In the week before the emergence of Omicron, the Dog at Wingham, Canterbury, traded to a net revenue of £32,000, however the following the week trade was down by 20% with a forecast of a further 30% drop for the upcoming week.
Owner of the Dog, Marc Bridgen said: “Last Friday, we lost a booking of six rooms and 12 for dinner, two to five days in a row, we've lost bookings worth over £2,000, so Omicron is costing us.
Balancing the books and public health
“December is probably going to be the weakest month of the year since we reopened; May, June, July, August, September, October and November, have all been bigger than any month pre coronavirus, even the festive season 2019.
“We're either close to zero revenue, or we're having record breaking months, but because of the pandemic, this December is going to go backwards again, it's going to struggle to beat any month this year, and it will struggle to beat December 2019.”
But Bridgen explained it was not just the business ‘struggling to make ends meet’ and balance the books alongside public health, the pubs staff have been heavily impacted by isolation rules as when one staff member is off with coronavirus, many team members will have to isolate and get PCR tests.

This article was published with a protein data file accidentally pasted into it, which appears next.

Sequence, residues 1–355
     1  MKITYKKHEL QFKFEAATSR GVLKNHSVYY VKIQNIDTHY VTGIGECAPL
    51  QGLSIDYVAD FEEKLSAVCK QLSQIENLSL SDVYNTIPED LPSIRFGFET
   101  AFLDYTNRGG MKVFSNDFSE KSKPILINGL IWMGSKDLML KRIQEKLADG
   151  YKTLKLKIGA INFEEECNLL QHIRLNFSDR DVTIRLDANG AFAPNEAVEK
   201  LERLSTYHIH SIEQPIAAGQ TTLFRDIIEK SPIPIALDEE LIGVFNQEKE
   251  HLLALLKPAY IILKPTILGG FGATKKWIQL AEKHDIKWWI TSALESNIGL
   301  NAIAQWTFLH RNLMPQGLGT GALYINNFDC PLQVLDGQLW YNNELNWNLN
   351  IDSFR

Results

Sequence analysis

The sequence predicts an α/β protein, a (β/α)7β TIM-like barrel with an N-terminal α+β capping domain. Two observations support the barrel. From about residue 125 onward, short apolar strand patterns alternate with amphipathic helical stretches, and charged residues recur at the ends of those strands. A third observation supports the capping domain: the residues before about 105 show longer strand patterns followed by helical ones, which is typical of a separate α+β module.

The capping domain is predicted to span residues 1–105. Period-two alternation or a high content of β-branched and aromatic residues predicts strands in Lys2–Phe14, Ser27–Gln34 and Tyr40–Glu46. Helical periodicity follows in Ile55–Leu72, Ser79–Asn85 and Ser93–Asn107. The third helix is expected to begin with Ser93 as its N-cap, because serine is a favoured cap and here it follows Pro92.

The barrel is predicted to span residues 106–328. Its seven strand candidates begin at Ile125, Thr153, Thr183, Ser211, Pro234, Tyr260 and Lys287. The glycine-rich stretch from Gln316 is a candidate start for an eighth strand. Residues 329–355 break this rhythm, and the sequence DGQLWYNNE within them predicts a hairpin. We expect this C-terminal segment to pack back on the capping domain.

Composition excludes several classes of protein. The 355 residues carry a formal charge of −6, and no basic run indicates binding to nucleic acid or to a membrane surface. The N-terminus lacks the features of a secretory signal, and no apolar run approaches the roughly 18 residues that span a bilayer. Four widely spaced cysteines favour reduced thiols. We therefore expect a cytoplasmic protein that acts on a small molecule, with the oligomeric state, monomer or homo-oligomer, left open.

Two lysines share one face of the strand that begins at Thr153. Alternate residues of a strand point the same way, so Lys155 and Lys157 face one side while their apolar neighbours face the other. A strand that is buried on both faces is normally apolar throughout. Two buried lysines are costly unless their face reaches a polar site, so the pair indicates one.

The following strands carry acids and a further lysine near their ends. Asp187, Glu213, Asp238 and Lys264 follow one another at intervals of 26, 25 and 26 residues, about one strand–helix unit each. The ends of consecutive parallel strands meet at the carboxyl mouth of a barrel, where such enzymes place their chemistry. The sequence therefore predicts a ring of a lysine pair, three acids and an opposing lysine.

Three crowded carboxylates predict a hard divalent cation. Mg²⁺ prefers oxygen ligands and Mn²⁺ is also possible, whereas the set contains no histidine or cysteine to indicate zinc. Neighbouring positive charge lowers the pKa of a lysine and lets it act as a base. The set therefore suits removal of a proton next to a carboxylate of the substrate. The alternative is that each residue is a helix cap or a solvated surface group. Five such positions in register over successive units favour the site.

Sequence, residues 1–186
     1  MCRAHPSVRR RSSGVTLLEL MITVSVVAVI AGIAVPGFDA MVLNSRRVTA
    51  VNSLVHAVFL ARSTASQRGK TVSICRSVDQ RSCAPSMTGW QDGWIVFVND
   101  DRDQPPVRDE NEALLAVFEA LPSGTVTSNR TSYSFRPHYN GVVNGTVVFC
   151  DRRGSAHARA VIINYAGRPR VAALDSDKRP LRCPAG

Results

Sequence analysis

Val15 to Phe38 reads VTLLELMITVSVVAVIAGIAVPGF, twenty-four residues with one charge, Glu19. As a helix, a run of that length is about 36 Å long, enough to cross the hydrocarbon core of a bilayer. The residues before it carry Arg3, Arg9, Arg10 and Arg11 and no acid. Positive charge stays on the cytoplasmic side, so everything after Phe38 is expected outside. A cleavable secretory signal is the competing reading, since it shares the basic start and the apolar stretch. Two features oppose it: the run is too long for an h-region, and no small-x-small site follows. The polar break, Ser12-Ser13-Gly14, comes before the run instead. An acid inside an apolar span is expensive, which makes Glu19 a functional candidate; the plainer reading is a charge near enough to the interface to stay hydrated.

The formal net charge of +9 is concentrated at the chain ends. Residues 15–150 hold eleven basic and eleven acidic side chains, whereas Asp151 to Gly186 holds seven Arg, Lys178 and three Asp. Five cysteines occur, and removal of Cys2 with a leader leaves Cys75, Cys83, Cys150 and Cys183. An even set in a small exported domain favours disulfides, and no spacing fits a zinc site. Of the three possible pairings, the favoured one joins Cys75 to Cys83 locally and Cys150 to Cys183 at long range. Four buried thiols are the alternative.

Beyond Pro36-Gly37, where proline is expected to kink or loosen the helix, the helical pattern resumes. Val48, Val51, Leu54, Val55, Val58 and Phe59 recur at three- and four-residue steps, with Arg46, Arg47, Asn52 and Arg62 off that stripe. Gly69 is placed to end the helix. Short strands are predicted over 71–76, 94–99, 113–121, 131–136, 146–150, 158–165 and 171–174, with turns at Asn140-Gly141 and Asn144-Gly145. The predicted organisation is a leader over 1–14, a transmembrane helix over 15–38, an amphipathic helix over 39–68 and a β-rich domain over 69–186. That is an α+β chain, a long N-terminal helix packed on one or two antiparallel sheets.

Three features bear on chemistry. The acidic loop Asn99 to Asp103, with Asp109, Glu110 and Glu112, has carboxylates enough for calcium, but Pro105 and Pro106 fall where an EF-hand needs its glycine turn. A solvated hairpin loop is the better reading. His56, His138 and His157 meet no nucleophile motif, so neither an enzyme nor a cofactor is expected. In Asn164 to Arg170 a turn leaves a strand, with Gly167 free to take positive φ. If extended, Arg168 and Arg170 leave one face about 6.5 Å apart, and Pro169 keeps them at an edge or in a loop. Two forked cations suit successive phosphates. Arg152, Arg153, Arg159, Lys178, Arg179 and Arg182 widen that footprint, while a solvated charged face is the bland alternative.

This could mean several team members have their hours reduced, for example if one of the chefs are off, the pub cannot serve as many customers and will not need as many front of house staff for that particular shift.
Not such a merry Christmas
He said: “I've got 10% of my team currently suffering with coronavirus, none of them are confirmed Omicron, but they have coronavirus.
“Two thirds of our team are on zero-hour contracts, and they won't get quite as many hours in December as we all hoped they would get, also, because we're not going to be quite as bumper as we should be, there won’t be as much service charge, which the whole team shares.
“This will financially affect the business, but it also financially affects two thirds of our staff, this time of year with the corporates and big parties and big spenders, they often pay on top of the service charge, or they'll pay the service charge, and then also give some extra cash to the teams that's going to be missing, so it might not be quite as merry a Christmas for the team, as we all hoped it would be.”